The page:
Good morning, California. Happy, uh, Tax Day.

“Where we lived was not Mar-a-Lago. We lived right smack in the middle of the middle class.”—U.S. Rep. Eric Swalwell, speaking in his hometown of Dublin at Sunday’s rally to kick off his campaign for the Democratic presidential nomination.

Vanishing board-and-care homes

A board-and-care facility in San Francisco

Board-and-care homes for people living with mental illness are vanishing at an alarming rate, worsening the housing crisis for this vulnerable population, CALmatters contributor Jocelyn Wiener reports.

  • One reason: Although housing values are soaring and the minimum wage is rising, reimbursement rates have stagnated. The government-set reimbursement rate of less than $35 a day per resident is supposed to cover shelter, three meals and 24-hour care.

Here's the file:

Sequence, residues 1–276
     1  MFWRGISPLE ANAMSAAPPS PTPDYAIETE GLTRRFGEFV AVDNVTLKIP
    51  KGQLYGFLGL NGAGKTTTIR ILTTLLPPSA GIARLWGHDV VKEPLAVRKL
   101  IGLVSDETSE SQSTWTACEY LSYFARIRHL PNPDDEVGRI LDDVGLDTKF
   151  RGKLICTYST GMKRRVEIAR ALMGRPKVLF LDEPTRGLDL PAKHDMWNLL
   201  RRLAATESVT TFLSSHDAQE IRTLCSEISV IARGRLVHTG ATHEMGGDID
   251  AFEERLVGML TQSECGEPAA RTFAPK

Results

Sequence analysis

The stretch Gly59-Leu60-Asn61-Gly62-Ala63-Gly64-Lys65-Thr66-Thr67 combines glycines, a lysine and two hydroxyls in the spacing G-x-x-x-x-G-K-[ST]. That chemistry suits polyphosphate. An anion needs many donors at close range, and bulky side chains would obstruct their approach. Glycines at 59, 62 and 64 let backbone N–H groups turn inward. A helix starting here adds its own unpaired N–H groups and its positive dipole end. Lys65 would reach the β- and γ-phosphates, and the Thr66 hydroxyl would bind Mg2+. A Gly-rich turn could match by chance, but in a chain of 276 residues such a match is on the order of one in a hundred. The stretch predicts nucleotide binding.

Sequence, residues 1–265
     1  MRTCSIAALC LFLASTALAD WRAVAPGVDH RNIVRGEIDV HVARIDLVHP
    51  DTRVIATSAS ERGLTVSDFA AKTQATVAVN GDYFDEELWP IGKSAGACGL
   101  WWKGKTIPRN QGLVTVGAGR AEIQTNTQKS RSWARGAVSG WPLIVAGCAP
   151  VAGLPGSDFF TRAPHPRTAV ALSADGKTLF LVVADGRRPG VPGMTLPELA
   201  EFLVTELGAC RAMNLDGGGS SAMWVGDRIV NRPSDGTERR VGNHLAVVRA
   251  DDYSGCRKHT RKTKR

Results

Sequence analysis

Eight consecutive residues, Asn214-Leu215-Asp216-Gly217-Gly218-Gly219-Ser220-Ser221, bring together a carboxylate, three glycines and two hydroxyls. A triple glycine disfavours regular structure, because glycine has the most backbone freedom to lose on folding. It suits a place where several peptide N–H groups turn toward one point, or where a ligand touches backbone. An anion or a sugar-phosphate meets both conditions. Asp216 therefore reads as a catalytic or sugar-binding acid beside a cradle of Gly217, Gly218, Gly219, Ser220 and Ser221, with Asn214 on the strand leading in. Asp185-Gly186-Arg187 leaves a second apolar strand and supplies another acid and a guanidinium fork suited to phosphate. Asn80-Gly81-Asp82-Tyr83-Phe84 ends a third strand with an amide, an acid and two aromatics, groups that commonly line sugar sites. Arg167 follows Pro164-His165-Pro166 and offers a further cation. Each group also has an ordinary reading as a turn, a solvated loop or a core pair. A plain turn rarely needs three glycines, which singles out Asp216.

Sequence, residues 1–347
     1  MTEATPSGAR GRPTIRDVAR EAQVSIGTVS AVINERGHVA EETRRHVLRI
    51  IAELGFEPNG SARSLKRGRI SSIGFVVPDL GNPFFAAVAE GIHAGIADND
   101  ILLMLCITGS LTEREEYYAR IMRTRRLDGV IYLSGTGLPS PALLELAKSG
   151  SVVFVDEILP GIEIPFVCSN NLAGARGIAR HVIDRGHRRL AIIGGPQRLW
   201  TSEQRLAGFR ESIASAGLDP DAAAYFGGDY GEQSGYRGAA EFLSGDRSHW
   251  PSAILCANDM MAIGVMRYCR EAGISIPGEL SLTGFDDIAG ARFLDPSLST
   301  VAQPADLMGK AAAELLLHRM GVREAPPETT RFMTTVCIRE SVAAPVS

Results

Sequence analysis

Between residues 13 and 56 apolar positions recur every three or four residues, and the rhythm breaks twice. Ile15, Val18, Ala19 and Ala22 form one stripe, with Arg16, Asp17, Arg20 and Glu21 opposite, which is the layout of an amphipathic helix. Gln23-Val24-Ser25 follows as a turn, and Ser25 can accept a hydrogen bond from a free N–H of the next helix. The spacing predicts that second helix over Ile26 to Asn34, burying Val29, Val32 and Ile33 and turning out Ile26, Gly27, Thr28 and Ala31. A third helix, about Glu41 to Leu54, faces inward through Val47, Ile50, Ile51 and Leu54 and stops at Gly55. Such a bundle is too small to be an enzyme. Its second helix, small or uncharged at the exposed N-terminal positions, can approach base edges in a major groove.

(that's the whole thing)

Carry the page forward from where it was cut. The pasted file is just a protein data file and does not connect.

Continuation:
Experts use words such as “dire” to describe what’s happening as these homes disappear.

  • San Francisco has lost a third of these facilities for people under 60 in the past seven years.

Operator Larry Mateo closed his five homes in San Francisco. One is for sale, and two others are being rented to young people who can pay high rates commanded in the city:

“I don’t have payroll, I don’t have to go buy groceries, I don’t have to deal with clientele.”

Lisa Kodmur, a Los Angeles County health care consultant: “If legislators don’t get onto this, we’re in big trouble. We will see more homelessness, more incarceration, more institutionalization, more people living on the streets.”

Sacramento Mayor Darrell Steinberg, founder of the Steinberg Institute, a mental health care think tank, said:

“The losses here are only making an already horrendous problem worse.”

For past installments of this CALmatters series, click here and here.

Newsom's wildfire proposal sparks reaction

Gov. Gavin Newsom is getting pushback by lawmakers on some proposals.